Purim is a holiday celebration like no other
We find humble shophouses like Roti Mataba (136 Phra Athit Rd; 00 662 282 2119); fwap, fwap, fwap goes the lady at the grill, slapping the dough into the most unutterably delicious, flaky rotis to be stuffed with curries or slathered with condensed milk. Or renowned Thip Samai (313 Thanon Mahachai, near the wonderful Phratu Phi street food district), a vision of inferno, open burners showering the pavement with sparks. It's rammed with people scarfing pad Thai of such fresh, vivid, luxurious flavour that it makes any you've ever tried before taste almost laughable.
And there's Bo.Lan (bolan.co.th) opened by a pair of young ex-nahm chefs, a groundbreaking and beautiful place where they recreate ancient and authentic Thai recipes: they aim to be 'as Thai as we can', so no concessions to nelly Western tastes. Wow, oh wow - our heads are blown off by pheasant with green peppercorns, river fish in banana leaf with red curry and some remarkable relishes: rose apple with cashew, cured pork with coconut cream. Pork floss? Where have you been all my life? The flavours are so intense, we feel almost trippy.
Sure, we have the occasional strikeout, like when I try to track down Lao/Isaan cuisine, featuring the likes of grilled chicken, sticky rice, som tum green papaya salad and red-ant-egg dip (well, maybe not so much that last one). We wind up in Balee Laos (86/8 Soi Sukhumvit 16; 00 662 663 1051), a jungly shack where fat, middle-aged farang paw long-suffering Northern Thai girlfriends and I become entirely invisible. We don't have a great deal of luck with street food - especially a positively alarming experience we have in sleazy Patpong where the chicken looks suspiciously like rat (another Isaan specialty; no, really).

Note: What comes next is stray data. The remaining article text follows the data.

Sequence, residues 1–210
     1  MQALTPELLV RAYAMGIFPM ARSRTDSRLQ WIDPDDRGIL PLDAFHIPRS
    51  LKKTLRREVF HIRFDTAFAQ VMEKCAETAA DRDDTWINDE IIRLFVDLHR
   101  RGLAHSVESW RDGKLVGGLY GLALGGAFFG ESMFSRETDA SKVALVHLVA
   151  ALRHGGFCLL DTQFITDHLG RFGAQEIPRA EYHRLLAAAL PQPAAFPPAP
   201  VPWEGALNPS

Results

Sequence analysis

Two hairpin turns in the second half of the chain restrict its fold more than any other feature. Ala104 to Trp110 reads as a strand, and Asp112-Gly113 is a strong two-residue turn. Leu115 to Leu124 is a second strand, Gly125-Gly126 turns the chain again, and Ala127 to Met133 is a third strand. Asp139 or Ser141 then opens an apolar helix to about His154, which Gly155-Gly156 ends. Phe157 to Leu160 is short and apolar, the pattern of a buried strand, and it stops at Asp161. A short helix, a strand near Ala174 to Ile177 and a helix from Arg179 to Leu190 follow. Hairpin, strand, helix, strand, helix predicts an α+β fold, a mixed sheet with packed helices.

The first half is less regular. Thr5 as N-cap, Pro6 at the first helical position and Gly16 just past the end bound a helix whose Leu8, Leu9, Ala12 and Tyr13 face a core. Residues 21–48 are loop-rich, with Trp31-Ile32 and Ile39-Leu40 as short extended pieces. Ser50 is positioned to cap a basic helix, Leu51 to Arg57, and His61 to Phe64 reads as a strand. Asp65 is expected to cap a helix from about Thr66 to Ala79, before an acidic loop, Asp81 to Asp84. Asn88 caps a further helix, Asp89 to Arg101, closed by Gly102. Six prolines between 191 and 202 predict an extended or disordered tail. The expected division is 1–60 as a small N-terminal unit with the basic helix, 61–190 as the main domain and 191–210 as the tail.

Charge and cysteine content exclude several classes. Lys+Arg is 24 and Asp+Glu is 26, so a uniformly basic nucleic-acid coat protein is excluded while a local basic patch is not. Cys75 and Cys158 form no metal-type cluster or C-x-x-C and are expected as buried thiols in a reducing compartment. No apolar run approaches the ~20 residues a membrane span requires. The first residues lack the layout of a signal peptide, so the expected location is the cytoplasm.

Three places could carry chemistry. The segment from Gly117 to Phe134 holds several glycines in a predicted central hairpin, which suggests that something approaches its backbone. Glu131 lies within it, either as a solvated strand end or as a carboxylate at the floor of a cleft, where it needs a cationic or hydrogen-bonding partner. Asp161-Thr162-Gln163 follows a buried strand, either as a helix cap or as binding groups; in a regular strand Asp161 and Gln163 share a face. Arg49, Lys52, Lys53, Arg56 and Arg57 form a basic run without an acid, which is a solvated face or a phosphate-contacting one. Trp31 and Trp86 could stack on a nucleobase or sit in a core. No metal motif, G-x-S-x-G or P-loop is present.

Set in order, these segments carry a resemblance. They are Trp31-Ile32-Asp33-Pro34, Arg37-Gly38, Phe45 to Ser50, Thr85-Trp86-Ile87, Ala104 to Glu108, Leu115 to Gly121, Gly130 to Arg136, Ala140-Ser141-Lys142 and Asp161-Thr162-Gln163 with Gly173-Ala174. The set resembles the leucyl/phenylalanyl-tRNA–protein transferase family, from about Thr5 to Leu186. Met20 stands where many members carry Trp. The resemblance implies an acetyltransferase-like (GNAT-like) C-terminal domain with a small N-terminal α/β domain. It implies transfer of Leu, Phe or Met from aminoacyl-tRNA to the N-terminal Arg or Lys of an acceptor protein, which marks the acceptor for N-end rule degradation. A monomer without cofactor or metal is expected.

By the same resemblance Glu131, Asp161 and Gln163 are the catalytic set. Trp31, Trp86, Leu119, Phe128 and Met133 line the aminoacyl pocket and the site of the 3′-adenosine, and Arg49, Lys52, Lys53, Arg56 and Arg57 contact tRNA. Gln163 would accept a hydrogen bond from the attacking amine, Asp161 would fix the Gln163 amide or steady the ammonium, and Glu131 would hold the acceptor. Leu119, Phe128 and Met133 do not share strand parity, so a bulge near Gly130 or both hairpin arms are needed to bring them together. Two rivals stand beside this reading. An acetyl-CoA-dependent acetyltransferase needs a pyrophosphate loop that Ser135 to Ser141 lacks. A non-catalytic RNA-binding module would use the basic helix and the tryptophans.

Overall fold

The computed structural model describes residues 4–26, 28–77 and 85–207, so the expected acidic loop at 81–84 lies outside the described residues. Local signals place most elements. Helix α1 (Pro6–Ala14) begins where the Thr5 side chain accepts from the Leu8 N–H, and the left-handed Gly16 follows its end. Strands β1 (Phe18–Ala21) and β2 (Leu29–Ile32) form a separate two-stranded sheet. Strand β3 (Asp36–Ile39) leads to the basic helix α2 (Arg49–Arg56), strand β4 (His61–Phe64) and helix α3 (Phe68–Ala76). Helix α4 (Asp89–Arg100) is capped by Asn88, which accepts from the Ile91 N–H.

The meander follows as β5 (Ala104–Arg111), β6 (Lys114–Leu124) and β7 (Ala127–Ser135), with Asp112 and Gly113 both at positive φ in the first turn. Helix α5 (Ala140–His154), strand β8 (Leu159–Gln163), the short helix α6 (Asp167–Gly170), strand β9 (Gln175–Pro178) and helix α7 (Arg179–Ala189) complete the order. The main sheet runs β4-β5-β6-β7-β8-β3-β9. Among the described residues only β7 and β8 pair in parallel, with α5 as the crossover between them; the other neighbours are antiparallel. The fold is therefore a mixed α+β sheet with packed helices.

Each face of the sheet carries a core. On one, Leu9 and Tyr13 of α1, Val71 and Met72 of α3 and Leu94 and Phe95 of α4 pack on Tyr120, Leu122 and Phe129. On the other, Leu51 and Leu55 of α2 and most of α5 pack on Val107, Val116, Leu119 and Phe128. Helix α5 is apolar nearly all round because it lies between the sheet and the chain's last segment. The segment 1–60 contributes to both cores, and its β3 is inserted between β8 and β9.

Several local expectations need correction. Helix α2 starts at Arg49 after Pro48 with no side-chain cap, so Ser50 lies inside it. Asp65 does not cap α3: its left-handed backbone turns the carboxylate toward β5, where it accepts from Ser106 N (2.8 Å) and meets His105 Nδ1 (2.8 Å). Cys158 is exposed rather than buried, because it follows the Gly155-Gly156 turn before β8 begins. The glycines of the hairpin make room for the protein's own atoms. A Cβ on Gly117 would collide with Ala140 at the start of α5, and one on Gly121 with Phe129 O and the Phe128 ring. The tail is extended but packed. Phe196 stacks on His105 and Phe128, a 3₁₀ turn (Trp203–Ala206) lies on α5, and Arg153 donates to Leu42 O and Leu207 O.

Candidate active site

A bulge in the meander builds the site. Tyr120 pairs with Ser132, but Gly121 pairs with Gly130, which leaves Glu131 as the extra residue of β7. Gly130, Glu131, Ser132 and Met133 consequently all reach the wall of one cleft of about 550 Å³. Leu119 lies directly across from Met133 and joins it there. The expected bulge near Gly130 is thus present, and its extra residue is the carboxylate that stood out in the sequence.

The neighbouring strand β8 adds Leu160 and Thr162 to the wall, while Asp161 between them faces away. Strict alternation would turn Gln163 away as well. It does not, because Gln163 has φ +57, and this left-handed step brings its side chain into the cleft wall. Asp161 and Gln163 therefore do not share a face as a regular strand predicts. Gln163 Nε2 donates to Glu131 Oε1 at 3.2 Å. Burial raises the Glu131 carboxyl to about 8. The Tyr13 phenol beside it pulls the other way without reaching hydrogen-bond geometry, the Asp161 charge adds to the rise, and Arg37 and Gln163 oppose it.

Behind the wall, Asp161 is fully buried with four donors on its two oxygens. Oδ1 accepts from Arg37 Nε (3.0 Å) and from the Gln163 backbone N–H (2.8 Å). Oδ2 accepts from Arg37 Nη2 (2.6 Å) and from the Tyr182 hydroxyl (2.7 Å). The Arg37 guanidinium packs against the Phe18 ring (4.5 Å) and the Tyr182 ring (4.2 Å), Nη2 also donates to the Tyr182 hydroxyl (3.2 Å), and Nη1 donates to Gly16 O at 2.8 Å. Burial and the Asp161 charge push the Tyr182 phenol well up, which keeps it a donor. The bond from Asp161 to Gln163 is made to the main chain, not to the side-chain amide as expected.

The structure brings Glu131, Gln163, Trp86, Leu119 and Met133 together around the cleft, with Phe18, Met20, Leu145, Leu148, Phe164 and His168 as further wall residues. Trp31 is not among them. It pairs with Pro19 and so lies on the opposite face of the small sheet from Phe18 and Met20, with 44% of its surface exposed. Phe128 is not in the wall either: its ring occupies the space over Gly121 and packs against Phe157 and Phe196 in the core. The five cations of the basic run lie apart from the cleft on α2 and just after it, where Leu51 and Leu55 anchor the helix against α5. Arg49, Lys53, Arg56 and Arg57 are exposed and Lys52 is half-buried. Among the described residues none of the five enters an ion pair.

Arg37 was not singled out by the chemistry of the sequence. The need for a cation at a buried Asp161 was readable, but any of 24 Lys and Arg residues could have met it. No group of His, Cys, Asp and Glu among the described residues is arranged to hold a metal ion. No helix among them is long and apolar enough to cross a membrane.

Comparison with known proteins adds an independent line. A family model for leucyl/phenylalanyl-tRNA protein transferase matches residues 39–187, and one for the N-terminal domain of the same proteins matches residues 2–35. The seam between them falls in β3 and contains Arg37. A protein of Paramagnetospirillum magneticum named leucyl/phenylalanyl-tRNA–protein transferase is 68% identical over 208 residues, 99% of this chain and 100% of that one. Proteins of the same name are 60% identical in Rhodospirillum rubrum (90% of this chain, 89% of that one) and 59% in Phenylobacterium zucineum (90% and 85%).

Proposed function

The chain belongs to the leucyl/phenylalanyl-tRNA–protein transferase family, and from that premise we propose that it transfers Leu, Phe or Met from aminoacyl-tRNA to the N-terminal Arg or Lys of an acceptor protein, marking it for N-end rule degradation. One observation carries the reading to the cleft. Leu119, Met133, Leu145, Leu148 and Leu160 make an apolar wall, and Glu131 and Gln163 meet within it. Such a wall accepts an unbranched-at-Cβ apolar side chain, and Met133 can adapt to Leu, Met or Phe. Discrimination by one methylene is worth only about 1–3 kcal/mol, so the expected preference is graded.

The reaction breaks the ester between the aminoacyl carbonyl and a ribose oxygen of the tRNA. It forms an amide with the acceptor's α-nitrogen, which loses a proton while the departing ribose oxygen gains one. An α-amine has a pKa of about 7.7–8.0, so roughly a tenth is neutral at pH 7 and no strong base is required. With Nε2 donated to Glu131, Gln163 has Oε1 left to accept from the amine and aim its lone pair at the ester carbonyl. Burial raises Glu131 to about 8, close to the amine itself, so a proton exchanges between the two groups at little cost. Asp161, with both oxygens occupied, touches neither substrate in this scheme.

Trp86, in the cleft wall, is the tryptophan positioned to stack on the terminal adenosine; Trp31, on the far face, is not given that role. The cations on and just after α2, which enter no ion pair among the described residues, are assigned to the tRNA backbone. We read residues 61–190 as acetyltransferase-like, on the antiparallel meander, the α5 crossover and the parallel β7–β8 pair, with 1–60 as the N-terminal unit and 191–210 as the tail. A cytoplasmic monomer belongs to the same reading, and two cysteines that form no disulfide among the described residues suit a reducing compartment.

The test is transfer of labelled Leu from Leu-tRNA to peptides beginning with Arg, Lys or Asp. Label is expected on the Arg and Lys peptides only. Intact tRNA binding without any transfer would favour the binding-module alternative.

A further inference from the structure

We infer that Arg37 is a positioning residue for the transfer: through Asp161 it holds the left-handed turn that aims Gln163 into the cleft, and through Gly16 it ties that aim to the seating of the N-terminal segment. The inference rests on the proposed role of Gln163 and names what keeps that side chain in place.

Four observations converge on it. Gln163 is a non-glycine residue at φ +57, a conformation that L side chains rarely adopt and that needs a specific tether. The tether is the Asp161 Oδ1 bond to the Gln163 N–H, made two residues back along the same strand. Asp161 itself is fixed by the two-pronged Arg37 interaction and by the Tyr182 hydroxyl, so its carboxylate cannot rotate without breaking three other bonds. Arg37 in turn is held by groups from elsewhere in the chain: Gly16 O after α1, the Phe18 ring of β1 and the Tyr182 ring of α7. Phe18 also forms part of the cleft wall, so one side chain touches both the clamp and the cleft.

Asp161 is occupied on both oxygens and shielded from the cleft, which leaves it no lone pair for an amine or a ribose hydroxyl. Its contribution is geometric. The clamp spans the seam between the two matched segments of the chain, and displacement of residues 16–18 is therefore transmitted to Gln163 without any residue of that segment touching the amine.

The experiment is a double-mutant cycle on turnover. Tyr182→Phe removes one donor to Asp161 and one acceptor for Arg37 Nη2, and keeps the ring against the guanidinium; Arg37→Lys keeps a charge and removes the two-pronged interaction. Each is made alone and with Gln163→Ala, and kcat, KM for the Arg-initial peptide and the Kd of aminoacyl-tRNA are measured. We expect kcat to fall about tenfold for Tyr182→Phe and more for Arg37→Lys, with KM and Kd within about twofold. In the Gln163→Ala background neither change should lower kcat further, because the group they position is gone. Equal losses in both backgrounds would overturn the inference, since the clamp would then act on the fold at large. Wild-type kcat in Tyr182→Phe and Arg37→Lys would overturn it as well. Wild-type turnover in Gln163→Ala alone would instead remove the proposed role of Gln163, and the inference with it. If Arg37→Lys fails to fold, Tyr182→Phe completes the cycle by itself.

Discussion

But Aw Taw Kaw market (or OrTorKor, Phaholyothin Rd) opposite the Camden Markets-on-steroids Chatuchak is a jewel. OK, it may be a little sanitised, but it's the Bangkok equivalent of Borough or Barcelona's Boqueria, where well-heeled locals shop for the finest produce. You'll find rows of ponging durians and fragrant mangoes, the freshest fish and seafood, sauces, relishes and dressings - but the restaurant stalls at the far end of the market are genuinely sensational. Fermented sausage (sai grok) that explodes on the tongue into a kaleidoscope of dancing flavours; a rainbow of curries; incendiary chilli-laced salads (larbs); soups, noodles and roasted meats; intricate, paintbox-coloured sweets. Since we've been home, my tastebuds miss this place every day. Everything here seems so... flat by comparison.
Am I now an expert on the Big Mango? Not likely. But I do realise that most of what we happily wolf down over here isn't fit to touch the hem of the humblest shophouse in the Thai capital. We simply can't replicate the almost outrageous flavours. In this steamy, frantic, uglybeautiful, often malodorous megalopolis, the people know how to live. And, woah mama, do they know how to eat.
About the author
Marina O'Loughlin, London newspaper Metro's restaurant critic, has remained incognito for the past 11 years. She regularly travels the UK and abroad in search of culinary adventure.